Innovative Approaches to
Adolescent Perinatal Wellbeing
Explained in 2 mins
Explained in Words
The INSPIRE project is informed by the initial Catalyst project and takes place across two new sites. INSPIRE aims to work with young mothers and other key stakeholders to develop a solution to promote the mental wellbeing of adolescent girls during pregnancy and the year after birth. INSPIRE will marry a human-centred, systems thinking design approach driven by implementation science methods. It is comprised of two phases, solution development and pilot testing.
Where will it take place?
The research will take place in health and community settings in Tete Province, north-west Mozambique and Kilifi County, south-west Kenya.
Who will be invited to take part?
Young mothers (aged 15-19 years), their partners and families, service providers, health systems representatives and community influencers will be invited to take part.
How will the project be carried out?
In Phase 1, interviews, observations and group discussions will be used to identify the challenges, needs, and priorities of these young women using a human-centred design approach. Through workshops, a priority challenge(s) will be agreed and prototypes co-designed and refined. A systems thinking design approach, driven by implementation science methods will be used to consider the context within which the potential intervention will take place (for example, the availability of existing human, financial and structural resources) to develop delivery strategies for the solution.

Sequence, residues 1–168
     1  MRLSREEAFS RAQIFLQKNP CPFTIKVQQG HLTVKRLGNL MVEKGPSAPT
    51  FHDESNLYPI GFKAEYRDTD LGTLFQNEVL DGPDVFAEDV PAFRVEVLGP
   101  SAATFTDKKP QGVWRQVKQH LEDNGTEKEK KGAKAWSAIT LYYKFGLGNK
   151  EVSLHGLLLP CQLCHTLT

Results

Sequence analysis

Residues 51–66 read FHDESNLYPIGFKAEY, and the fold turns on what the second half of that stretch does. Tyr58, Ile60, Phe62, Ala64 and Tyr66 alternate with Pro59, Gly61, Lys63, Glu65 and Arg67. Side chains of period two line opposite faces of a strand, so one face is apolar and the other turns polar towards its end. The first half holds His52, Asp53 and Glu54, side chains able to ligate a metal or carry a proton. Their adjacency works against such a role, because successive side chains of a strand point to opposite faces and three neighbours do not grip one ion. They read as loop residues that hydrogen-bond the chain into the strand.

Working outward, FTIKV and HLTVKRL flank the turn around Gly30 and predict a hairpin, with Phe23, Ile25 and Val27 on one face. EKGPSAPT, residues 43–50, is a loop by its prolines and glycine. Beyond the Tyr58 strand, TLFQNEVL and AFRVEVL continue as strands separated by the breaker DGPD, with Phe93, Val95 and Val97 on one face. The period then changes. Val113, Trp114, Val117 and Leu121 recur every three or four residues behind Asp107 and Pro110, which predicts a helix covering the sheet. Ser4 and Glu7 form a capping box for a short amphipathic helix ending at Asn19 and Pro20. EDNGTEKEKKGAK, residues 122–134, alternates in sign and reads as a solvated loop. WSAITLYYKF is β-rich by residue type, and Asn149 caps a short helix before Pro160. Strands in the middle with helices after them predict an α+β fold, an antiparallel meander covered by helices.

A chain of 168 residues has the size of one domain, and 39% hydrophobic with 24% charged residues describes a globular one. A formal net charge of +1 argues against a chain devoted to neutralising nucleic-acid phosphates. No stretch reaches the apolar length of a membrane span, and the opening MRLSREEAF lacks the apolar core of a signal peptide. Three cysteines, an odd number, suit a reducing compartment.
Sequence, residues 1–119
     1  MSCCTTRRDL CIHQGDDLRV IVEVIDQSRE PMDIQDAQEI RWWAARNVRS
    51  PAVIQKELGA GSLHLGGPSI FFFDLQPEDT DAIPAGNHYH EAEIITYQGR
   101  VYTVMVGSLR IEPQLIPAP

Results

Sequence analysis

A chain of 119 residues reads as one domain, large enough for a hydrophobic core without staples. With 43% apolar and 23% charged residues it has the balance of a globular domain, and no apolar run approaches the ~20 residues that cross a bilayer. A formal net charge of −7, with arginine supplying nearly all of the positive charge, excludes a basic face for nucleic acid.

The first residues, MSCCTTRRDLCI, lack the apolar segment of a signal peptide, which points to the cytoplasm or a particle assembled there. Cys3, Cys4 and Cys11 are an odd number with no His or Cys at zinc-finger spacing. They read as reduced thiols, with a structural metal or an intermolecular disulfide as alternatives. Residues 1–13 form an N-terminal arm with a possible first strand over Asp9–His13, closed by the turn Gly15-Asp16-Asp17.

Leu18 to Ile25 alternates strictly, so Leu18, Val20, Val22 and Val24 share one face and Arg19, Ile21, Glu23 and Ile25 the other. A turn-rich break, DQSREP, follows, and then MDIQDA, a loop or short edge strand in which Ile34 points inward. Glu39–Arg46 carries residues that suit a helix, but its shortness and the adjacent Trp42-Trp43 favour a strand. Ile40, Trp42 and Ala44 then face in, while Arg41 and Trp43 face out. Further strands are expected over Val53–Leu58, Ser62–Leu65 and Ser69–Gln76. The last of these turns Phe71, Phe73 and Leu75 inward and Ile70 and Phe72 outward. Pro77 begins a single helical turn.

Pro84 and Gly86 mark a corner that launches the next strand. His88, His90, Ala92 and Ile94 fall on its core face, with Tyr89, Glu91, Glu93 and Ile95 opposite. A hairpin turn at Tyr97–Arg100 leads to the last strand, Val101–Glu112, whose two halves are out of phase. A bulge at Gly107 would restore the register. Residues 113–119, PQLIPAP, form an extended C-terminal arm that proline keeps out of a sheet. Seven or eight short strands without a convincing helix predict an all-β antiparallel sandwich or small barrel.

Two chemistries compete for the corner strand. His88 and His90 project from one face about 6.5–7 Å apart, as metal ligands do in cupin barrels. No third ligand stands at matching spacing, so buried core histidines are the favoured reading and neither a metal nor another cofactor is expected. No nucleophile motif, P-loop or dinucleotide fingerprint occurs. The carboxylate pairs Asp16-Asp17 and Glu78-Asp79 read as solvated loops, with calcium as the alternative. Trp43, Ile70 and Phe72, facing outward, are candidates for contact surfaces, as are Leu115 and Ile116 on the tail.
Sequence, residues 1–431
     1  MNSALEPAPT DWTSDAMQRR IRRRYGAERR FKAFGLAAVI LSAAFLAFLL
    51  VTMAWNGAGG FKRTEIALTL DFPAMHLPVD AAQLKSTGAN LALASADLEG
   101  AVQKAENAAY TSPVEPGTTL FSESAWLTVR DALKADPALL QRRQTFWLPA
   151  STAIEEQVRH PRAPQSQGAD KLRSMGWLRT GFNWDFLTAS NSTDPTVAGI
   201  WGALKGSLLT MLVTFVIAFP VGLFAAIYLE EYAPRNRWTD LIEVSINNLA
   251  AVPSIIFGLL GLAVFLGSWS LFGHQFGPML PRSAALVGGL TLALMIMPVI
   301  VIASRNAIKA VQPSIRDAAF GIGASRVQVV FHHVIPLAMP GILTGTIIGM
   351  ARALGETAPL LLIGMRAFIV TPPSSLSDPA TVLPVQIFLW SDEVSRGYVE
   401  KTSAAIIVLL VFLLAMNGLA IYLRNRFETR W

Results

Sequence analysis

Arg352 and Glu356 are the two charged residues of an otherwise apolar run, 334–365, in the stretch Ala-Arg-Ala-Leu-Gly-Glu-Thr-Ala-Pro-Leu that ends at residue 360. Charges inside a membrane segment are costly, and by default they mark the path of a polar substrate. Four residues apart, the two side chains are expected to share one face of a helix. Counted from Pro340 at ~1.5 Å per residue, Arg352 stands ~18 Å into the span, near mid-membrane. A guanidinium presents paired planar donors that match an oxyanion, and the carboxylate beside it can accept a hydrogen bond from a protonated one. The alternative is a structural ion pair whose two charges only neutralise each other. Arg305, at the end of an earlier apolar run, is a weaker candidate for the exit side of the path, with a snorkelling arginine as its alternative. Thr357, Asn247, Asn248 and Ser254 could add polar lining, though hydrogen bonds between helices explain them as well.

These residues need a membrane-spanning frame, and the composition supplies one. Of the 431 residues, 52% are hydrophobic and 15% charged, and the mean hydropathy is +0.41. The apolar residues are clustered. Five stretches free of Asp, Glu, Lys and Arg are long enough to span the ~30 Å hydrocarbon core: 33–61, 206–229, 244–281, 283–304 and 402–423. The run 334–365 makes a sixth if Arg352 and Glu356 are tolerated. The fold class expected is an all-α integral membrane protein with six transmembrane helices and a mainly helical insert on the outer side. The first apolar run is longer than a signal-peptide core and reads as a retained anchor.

In Phase 2, the solution(s) and delivery strategies will be piloted within each country. We will test its feasibility, appropriateness, and acceptability. We will also collect information on mental health wellbeing, the process of implementing the intervention and resource data to prepare for a future trial.
What is the potential impact?
The research will result in the development of an intervention(s) that supports adolescent maternal wellbeing and gives adolescent mothers the hope and skills to build a better life for them and their children. By using human-centred, systems-minded design to understand the needs and priorities of young mothers and the health and community systems in which they live, the intervention(s) developed and the consideration for the context in which they take place mean that there is potential for the intervention to be used beyond Mozambique and Kenya.
Special Interview Series:
With our Principal Investigator Dr Tatiana Salisbury
The less known journey of our principal investigator, and her passion about INSPIRE!